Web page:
CFA Practice Question

CFA Practice Question

Time costs, unlike money prices, differ among individuals. Therefore, ______
A. low-wage consumers generally choose more time-saving commodities than do persons with higher time costs.
B. high-wage consumers generally choose fewer time-intensive commodities than do low-income consumers.
C. there is no predictable relationship between income level and the amount of time-saving commodities chosen by a consumer.
Explanation: The opportunity cost of an hour for a high wage individual is greater than the opportunity cost of an hour for a low wage individual. Thus, the "price" of an hour for a high wage person is greater than the price of an hour for a low wage person. As a result, a high wage individual prefers not to engage in time intensive leisure activities. Instead, the individual will choose activities which are not time intensive such as eating in restaurants.

User Contributed Comments 11

User Comment
Alastair I am not sure it actually follows that rich people 'generally choose fewer' such commoditites - they just value them more highly.
Rguerra Are you suggesting that high-wage people should not read and instead eat out more often? I don´t think eating out would help me out with the CFA exam.
wollogo Alastair - they choose fewer time intensive commodities because the opportunity cost of their time is higher.

Reguerra - yes eating out would help you with your exam because you would spend less time preparing meals and more time studying.
julamo depends on how good of a meal you cook at home, or whether you eat out in a fast-food or in a fancy restaurant... Let's not get into the debate
Birdy101 take the bus or catch a taxi, might explain it better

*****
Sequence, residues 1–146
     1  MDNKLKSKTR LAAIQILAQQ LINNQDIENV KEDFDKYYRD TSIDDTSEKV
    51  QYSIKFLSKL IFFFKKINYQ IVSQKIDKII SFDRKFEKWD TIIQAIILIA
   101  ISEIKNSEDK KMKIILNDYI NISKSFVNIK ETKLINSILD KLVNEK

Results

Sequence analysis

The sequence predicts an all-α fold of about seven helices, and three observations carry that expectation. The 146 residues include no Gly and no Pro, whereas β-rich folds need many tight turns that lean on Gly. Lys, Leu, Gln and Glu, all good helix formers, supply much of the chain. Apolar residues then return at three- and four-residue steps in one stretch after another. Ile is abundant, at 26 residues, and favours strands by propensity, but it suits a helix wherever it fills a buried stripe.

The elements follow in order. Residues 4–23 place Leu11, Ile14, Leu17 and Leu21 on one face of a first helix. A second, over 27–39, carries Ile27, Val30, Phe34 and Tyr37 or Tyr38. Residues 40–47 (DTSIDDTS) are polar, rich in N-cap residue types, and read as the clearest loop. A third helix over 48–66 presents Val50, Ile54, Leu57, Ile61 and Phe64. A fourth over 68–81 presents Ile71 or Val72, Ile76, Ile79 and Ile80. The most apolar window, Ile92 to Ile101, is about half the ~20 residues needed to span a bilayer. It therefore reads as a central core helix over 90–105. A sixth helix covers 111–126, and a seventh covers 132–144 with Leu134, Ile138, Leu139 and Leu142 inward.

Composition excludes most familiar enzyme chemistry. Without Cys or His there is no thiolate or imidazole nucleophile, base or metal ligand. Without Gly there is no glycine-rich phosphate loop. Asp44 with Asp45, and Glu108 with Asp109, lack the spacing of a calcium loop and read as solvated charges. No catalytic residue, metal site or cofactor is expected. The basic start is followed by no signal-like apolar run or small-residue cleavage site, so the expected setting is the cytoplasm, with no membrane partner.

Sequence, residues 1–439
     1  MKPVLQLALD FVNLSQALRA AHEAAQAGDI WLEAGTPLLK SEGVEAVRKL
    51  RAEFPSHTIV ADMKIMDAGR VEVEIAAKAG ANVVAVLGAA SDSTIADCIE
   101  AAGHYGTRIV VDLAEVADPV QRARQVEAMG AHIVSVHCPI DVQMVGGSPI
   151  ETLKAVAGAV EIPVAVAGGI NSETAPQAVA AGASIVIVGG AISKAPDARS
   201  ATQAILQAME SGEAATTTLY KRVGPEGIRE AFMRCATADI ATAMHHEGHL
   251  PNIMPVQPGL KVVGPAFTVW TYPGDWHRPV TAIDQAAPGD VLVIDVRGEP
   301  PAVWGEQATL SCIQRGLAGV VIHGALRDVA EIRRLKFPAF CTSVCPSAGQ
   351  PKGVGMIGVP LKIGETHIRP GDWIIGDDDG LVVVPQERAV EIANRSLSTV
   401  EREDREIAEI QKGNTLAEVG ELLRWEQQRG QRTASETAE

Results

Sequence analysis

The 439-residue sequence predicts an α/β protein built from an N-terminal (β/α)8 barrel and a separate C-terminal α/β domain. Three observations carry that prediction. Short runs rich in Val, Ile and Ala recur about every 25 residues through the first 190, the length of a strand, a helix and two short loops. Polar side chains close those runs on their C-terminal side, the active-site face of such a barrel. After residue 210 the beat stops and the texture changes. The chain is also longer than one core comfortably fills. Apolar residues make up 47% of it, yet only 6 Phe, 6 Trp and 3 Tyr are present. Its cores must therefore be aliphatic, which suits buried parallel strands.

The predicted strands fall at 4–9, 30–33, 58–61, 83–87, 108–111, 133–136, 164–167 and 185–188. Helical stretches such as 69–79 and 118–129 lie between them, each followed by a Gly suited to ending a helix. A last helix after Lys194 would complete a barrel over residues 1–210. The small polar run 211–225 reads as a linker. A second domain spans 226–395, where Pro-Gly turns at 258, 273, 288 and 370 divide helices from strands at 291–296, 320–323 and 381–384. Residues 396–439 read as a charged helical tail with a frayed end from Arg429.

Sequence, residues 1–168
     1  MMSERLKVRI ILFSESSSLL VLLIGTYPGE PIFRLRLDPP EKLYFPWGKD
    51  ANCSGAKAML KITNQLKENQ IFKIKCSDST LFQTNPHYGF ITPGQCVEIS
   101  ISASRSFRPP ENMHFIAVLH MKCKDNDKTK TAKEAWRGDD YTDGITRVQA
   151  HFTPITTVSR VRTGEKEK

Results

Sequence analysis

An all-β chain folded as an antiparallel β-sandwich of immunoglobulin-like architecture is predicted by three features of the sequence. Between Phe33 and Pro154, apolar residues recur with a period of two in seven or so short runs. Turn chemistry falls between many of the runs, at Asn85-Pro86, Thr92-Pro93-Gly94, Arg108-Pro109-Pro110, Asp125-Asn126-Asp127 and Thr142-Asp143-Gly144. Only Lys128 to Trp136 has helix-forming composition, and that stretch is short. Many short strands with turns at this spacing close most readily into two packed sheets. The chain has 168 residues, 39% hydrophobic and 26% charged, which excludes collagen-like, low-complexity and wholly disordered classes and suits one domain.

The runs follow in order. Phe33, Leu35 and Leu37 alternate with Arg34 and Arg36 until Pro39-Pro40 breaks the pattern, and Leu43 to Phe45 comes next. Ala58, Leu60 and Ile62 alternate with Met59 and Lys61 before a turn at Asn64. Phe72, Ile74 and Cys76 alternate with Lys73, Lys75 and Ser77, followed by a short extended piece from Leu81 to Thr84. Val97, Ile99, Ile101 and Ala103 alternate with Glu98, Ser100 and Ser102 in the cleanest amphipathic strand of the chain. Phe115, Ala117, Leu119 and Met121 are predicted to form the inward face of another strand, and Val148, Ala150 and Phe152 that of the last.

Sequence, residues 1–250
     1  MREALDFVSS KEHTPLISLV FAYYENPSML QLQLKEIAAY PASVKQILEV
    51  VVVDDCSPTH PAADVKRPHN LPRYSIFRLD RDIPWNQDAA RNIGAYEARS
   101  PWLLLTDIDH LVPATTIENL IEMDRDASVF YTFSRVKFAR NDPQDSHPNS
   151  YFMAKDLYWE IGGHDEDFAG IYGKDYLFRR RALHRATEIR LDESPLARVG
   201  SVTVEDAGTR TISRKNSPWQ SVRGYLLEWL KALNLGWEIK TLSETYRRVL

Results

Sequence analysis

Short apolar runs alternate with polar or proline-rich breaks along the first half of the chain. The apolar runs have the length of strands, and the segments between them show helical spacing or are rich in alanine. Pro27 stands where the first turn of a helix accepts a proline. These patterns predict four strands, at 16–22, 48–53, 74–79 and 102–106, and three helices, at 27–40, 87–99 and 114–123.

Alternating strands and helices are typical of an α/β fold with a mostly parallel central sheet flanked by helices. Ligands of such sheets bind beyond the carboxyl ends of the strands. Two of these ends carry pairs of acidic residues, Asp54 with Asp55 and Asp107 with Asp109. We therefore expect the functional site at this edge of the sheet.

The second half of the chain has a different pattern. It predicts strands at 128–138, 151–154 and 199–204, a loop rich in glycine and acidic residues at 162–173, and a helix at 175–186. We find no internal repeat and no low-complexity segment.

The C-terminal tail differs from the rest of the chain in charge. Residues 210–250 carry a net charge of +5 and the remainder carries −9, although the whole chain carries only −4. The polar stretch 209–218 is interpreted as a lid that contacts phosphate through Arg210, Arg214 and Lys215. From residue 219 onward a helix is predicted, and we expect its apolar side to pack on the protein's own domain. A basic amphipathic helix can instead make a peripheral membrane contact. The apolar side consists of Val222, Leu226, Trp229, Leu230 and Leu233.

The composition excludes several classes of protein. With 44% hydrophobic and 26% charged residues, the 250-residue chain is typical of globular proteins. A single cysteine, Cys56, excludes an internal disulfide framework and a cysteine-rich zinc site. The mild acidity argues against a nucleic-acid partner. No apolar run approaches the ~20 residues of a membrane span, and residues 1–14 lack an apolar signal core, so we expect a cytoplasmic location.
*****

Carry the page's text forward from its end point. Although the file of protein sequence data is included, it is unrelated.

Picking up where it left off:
iambroke If the opportunity cost of time for high wage individuals is so great then how does one explain the Income effect....Ie more leisure being consumed at higher wage??
jpducros good one lambroke...I made the same reasoning and would choose A. I thought that at low wage, you prefer to work more time and at high wage, you prefer to take more leisure. So at high wage, you would take more time-intensive commodity; if commodity is understood as a leisure. Where am I wrong ?
jpducros ok, I focused on the Income effect while one should focus on the substituition effect. The more you get paid, the more you work. I don't know why we shouldn't apply the Income effect here.
ezimokha Simple - For the rich man, time is money.
Sheeb Time = Money
farhan92 ezimokha's got it bang on. Think of it like this if you earn 100 an hour you are more likely to get up and be at work on time -which means staying in bed for an extra hour is worth less than 100 an hour to the person.
However, if a person earns 6 an hour he is more likely to lay in bed for an hour as staying in bed is worth more to him than working for an hour ( staying in bed is more valuable than 6).

I got this wrong but makes sense once you think about it!
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